35. Just last night on our DEN-DFW flight on AA we were in row 30ish and it was HOT. I was covered in sweat and sticking to my seat. Flight attendant said the A/C was just slow to cool the plane, but I’m guessing it was broken. There was barely any air coming out of the vent too. When we deplaned the front half of the plane was freezing. I’ve never been hot on a domestic flight, but this was just awful.

  36. @ jamesb2147, it might be generally true that fat people are more comfortable in a colder room, while skinny people want it warmer. I know I’ve heard it said often enough. I’m a counterexample: I’m 5’9′ and 140 pounds. I do an hour of vigorous aerobic activity 5 days a week, and lift weights 3-4 days a week. No one would think I’m even a little overweight. Yet I’m always too hot on planes. I’m in a t-shirt, shorts, and flip-flops, sweating in the heat, and when I look around, others have blankets.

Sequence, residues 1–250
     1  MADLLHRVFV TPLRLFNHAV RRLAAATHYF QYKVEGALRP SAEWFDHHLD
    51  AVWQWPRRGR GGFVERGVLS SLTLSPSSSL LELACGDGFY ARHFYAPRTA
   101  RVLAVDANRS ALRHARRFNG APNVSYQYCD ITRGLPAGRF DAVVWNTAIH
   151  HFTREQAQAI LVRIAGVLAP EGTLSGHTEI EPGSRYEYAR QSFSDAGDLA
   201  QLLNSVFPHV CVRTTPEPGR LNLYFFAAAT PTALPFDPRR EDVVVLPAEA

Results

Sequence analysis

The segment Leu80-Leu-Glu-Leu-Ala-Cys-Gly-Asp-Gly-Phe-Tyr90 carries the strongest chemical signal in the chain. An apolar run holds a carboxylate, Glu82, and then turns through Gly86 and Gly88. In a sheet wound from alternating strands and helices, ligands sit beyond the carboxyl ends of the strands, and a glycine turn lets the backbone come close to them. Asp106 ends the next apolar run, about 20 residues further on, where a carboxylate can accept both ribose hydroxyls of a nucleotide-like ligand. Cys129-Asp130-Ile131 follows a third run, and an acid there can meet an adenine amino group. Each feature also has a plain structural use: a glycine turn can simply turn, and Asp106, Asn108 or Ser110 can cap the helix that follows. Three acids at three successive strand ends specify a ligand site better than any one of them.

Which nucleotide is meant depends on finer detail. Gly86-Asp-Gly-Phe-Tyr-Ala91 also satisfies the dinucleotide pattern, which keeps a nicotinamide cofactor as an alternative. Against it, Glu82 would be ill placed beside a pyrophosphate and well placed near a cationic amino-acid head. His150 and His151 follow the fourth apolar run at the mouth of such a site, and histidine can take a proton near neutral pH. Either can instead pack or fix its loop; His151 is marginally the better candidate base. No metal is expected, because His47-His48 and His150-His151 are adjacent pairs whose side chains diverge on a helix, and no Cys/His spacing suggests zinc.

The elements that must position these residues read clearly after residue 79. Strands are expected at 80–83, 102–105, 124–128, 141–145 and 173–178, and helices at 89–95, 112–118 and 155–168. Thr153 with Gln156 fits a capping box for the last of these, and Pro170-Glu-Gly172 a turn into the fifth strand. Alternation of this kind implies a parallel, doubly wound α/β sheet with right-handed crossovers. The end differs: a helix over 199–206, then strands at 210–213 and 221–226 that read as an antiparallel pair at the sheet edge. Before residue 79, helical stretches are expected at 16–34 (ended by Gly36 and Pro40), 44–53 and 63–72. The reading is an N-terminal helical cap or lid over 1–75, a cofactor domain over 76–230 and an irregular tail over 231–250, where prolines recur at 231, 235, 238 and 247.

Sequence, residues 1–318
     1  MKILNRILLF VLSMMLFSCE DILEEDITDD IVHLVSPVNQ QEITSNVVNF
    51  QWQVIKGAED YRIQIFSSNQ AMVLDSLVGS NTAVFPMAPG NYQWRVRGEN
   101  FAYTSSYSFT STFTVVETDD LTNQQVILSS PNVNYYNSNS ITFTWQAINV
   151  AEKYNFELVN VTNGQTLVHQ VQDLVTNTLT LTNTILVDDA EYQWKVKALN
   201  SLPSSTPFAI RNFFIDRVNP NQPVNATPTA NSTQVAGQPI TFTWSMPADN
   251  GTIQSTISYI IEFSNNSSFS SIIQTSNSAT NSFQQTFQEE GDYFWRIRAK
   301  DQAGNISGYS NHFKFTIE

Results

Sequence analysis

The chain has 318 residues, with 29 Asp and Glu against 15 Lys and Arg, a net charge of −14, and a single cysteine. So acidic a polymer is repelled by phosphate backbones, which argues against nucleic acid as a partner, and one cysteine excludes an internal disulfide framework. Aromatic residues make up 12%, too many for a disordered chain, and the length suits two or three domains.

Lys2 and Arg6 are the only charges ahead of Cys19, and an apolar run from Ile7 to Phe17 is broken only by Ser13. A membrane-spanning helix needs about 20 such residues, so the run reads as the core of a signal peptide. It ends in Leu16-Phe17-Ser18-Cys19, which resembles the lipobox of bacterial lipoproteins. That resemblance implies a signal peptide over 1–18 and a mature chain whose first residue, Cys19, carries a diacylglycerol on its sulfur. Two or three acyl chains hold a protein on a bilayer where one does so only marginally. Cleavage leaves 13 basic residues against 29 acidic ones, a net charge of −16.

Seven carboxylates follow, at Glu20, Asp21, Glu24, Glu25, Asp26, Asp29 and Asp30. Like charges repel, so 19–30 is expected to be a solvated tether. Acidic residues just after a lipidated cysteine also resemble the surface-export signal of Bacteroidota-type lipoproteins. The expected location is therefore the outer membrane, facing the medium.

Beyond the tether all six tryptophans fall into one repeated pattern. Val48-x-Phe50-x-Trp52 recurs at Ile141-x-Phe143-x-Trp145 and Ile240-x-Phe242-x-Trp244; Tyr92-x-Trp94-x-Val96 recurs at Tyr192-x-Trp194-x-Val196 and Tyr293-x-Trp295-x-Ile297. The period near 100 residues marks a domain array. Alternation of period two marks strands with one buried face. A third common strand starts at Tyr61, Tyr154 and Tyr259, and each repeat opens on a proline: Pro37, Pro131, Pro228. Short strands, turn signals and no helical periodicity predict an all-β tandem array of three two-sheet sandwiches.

37. @ Randy.

    I’ve had hot uncomfortable cabins on the ground with no air hook-up, but hot in the air, not so much. Stuffy/Warm, yes. Enough to get undress, NO. What you consider cold, I may consider comfortable. Plan accordingly.

  38. @frank, I can let you know what I consider cold after I experience it. I’ve been flying a lot for many years and haven’t had a cold plane yet. Hot, yes. And I don’t mean on the ground, when the sun heats the plane to well over 100, I mean in the air, when I’m trying to sleep on a long-haul international but can’t because it’s too hot, or if I do fall asleep I wake drenched in sweat.

  39. I’d rather make a case the other way arround. US airlines are often adjust cabin temperature *way* too low. This might be fine n short flights to get cool down, on international flights it’s a real anoyance. When people in large numbers have to ask for second blankets, something must be wrong.

  40. @Emmanuel Ruiz – Agreed. An extra blanket is hardly a problem when you have people soaking wet from sweat just so that the people that get cold easily can be comfortable.